A devastating, vulnerable collection tracing high-risk pregnancy and new motherhood amid grief.
“All my life all I’ve wanted was to be myself / and someone else,” writes Elizabeth Metzger. From the shadowy perspective of confinement, where the presence of death unsettles all outcomes, these poems examine an expansion and fracturing of the self—into motherhood as well as childhood, into past selves and future unknowns. The child becomes parent, the parent becomes child, the child arrives but in doing so is lost. New loss haunts new life, and life becomes “one or two lives.” The door is more valuable than the prize behind it.
With ambivalence as well as deep feeling, Metzger wonders how a single body can be expected to hold both immense joy and immense mourning, profound longing and creeping numbness, when one so often overtakes the other. She plunges into the darkness inside—of the gloomy room, the inner body, the afterlife and the pre-language mind—and sends back “a searchlight across the underworld,” Eurydice in search of herself.
Aching and contemplative, Lying In is an exquisite portrait of an in-between time—and of the person who emerges on the other side. “Isn’t it obvious how we’ve changed?”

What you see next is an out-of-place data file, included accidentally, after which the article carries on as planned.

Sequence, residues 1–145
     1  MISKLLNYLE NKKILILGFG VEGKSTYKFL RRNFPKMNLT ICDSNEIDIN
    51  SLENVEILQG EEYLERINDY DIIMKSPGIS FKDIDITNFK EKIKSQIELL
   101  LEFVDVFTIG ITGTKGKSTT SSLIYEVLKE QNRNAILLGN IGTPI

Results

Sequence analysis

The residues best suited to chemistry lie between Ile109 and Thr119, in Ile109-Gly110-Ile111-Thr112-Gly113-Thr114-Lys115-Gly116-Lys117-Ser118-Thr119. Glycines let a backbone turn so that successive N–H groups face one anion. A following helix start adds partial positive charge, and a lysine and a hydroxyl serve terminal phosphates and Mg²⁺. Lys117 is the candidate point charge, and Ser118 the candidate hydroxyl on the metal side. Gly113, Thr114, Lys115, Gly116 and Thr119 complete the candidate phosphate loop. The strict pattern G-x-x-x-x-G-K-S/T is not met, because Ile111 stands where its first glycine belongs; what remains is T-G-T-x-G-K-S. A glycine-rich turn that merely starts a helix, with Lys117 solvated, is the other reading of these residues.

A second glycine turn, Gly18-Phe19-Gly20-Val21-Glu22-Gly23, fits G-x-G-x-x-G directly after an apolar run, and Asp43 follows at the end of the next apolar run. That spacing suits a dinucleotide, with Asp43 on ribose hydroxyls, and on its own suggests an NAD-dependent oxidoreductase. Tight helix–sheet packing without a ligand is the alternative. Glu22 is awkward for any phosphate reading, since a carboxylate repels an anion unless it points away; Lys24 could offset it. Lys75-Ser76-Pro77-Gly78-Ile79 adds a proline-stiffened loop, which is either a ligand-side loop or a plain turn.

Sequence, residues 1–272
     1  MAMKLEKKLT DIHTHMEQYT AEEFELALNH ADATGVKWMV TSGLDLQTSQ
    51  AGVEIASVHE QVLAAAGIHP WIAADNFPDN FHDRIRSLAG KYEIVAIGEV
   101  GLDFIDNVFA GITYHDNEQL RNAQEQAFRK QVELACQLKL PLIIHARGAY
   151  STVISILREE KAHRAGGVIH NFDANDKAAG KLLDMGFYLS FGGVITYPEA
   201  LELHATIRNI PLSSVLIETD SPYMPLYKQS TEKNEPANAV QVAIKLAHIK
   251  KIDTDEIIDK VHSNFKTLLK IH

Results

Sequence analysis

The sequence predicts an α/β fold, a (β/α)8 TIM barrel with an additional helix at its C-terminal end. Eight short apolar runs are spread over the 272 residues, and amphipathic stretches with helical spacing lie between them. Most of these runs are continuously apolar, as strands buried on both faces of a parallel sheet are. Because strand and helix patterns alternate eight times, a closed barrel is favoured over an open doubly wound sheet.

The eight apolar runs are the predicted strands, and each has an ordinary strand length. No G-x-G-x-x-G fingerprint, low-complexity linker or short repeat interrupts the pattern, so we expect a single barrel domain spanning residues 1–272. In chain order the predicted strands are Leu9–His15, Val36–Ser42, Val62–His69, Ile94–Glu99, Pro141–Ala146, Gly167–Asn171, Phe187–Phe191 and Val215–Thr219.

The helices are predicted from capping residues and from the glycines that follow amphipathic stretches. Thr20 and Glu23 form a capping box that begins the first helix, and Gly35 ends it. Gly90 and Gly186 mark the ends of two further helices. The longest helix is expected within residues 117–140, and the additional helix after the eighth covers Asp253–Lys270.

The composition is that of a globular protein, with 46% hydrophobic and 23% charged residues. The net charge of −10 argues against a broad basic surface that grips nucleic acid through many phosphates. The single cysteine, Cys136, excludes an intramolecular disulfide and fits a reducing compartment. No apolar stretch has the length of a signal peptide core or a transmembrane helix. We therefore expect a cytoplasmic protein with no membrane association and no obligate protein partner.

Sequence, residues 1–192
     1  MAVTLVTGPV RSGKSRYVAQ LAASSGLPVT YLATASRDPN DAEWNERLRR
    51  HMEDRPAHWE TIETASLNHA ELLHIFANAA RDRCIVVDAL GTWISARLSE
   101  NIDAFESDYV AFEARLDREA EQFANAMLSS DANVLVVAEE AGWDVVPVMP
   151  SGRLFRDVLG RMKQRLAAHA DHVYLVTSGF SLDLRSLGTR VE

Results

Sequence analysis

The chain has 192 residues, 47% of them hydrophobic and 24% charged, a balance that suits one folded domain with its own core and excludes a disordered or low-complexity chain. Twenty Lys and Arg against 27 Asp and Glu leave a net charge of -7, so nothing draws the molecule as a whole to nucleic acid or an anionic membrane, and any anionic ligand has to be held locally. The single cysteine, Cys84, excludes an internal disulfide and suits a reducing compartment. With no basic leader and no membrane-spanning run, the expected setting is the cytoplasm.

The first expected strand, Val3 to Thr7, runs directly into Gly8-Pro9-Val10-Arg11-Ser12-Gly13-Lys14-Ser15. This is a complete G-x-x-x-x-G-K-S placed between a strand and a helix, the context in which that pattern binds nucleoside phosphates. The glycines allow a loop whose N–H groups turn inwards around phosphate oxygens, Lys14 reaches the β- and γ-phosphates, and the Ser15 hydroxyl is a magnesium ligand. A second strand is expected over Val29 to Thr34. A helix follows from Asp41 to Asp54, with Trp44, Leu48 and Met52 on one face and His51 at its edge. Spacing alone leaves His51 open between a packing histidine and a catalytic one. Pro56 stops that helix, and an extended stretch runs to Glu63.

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Praise and Prizes
"What an intimate, intense book of poems Elizabeth Metzger has written! Fueled by the honest combination of ardor and rage at the heart of motherhood, Lying In is full of arias, sung to the self and others, persistent and daring. These are occasioned by the actual confinement of the title (two difficult pregnancies), but that literal confinement mirrors a (potentially) universal condition—that of any life willing to grieve the real limits of our bewildering world, any reader willing to acknowledge the bewildering intensity of 'the voluntary nature of staying alive.' It is the mystery of the human will in continuing resistance that this book explores, as fragile as that sometimes seems. To do this, Metzger must be focused as a sniper, lying in wait to catch in language a truth that lies just past what can be said—and she is."